"Are all apostles, are all prophets, are all teachers..." no, but God calls each to different ministries, to develop different charisms, to work different things for His Kingdom. The general will of God for all of us is holiness. But each person is called to live out holiness in different ways. Marriage is not the only vocation spoken of in scripture. Christ was consecrated to the work of the work of God, and St. Paul mentions his own celibacy when saying he wish all to be like him, continent. There is also mention of virgins dedicated to God, and the earliest church history shows that priests were not able to marry after being ordained.

The point being that God has a plan for each person. Sure, God is going to work His will of salvation in whatever state of life one ends up in, but each person is called to something specific (look at Jer 1:5). The way one finds out one's specific call is to pray and discern. Certainly scripture helps that because one cannot follow God's will without being in a relationship with: first encounter, then mission, as the adage goes.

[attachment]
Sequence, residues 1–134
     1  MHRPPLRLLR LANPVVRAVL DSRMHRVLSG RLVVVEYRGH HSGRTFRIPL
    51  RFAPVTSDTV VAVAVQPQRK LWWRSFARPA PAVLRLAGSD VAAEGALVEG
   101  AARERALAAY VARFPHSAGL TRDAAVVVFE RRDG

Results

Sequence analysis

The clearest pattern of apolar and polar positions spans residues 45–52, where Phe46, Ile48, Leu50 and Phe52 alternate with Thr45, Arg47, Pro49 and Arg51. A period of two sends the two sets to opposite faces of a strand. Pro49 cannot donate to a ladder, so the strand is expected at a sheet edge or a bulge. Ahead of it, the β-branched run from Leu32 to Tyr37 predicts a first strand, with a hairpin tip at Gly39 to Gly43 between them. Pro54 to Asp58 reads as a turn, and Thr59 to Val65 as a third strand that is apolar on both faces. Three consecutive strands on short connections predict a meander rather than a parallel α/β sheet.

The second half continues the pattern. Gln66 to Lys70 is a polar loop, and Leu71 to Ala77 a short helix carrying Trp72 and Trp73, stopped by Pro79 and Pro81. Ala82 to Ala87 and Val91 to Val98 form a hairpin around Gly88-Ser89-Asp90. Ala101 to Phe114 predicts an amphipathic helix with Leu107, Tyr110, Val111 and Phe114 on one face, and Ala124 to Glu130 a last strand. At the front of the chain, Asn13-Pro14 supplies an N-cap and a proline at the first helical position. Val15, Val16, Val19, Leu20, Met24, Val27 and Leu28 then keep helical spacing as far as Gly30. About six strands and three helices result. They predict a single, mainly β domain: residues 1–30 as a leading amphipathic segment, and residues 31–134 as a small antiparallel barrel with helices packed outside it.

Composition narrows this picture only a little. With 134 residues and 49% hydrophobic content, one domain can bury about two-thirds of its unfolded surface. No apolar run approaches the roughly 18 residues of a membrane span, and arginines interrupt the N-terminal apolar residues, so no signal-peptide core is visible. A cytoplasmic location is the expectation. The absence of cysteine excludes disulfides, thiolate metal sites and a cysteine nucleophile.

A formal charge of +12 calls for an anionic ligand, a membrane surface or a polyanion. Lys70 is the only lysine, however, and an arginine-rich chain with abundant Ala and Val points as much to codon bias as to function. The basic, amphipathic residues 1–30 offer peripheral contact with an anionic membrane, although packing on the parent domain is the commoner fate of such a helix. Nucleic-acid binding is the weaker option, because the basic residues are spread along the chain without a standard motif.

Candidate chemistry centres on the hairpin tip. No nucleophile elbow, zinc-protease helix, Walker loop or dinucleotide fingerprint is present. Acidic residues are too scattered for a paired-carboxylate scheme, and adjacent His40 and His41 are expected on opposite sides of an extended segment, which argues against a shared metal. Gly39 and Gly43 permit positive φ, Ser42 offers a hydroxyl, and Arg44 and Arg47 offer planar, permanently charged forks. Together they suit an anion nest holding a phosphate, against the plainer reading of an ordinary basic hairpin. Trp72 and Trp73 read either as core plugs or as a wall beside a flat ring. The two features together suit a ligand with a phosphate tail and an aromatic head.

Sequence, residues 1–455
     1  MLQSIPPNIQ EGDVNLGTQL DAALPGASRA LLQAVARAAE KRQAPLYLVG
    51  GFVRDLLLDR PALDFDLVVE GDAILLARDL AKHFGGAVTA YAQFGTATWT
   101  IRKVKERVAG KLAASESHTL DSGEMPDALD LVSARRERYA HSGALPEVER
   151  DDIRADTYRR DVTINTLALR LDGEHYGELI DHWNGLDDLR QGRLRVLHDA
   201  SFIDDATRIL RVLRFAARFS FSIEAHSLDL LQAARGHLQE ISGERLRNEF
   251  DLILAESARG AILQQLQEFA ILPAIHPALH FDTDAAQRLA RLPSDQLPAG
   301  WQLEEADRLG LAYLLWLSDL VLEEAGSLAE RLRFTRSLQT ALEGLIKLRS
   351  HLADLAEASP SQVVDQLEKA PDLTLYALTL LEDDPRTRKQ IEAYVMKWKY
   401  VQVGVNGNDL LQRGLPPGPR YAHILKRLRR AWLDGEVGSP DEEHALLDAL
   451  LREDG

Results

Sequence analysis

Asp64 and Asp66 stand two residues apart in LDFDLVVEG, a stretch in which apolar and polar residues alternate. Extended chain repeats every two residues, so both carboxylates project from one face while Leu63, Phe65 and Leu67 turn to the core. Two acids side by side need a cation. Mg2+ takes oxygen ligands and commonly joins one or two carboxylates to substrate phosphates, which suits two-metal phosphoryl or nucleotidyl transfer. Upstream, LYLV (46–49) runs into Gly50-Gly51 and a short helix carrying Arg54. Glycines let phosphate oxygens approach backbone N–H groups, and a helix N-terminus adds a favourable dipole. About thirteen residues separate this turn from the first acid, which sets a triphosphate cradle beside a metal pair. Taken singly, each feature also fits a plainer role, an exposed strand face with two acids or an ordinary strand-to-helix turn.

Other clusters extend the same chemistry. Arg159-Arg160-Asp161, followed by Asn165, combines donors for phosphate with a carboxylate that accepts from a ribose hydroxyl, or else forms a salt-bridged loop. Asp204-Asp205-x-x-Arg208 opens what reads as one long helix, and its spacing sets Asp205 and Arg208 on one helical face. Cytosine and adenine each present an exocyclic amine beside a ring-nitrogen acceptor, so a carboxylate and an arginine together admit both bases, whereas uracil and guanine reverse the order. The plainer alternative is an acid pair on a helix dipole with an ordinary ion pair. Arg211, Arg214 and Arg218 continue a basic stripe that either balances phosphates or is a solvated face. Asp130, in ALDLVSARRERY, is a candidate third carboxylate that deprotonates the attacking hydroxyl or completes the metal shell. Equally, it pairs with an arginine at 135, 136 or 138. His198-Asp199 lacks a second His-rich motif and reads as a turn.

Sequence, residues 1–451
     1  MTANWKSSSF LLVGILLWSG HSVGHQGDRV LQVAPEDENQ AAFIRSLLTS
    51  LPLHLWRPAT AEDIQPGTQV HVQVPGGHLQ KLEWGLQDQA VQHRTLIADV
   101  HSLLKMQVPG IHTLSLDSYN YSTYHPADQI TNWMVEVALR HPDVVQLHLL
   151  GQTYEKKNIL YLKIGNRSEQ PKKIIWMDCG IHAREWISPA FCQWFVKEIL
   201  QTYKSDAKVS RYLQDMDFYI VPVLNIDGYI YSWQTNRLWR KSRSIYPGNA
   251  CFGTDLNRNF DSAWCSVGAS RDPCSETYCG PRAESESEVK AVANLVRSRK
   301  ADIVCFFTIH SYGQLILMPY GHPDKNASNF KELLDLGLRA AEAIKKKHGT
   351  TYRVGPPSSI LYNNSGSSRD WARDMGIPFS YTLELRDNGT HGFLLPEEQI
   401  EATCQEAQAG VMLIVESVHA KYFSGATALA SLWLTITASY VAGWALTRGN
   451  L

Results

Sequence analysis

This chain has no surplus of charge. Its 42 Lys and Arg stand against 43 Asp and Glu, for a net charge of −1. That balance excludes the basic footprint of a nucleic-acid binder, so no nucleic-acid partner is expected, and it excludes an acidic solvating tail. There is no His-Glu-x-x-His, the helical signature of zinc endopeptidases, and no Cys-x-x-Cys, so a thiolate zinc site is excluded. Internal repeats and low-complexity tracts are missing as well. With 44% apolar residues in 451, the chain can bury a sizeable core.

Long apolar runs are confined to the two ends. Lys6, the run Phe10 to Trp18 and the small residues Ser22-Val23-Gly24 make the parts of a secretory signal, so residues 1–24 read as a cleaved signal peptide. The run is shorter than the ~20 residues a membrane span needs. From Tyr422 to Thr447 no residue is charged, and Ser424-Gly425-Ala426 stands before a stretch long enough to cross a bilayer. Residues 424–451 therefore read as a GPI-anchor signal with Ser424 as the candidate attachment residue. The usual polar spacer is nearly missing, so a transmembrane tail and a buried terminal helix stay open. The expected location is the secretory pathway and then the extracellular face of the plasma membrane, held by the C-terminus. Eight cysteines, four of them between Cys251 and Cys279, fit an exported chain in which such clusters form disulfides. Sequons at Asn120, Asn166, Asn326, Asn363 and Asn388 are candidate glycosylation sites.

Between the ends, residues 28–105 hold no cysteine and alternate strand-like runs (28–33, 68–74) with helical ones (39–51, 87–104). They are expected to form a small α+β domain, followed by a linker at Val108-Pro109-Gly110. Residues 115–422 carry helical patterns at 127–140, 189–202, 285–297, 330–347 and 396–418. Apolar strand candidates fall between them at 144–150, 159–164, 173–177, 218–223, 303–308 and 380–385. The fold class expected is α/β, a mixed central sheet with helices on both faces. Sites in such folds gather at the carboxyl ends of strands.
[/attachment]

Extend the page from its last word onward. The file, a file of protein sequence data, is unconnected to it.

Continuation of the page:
Yes, God can reveal to each person His will for his or her life. Just as He did with Jeremiah or with Saul, or with Moses. The call will be similar in that each is called to know God and walk in His ways, but the way God wants that to get played out will be different for each person, and God can be calling one to a specific mission as He did with Saul of Tarsus. God didn't call all people to go on apostolic missions to the gentiles, only certain ones.

Remember in Acts how one of the communities receives a word from the Spirit about setting apart Paul and Barnabas for the work He had for them?

Perhaps to allay some of your concerns about what you thought I may or may not have been saying, no "voice" from God is to be taken immediately without being tested, prayed over, and examined, perhaps even with the help of a spiritual director.

We're probably closer in thought than you think, the only difference is that for me scripture indicates other instances of the "word of God" being the internal working of God on the heart of someone, giving them a mission or a word of knowledge, etc, and yes, such "words" are also to be tested in the light of public revelation, scripture and its proper authoritative interpretation handed on by the apostles to the bishops (apostolic Tradition).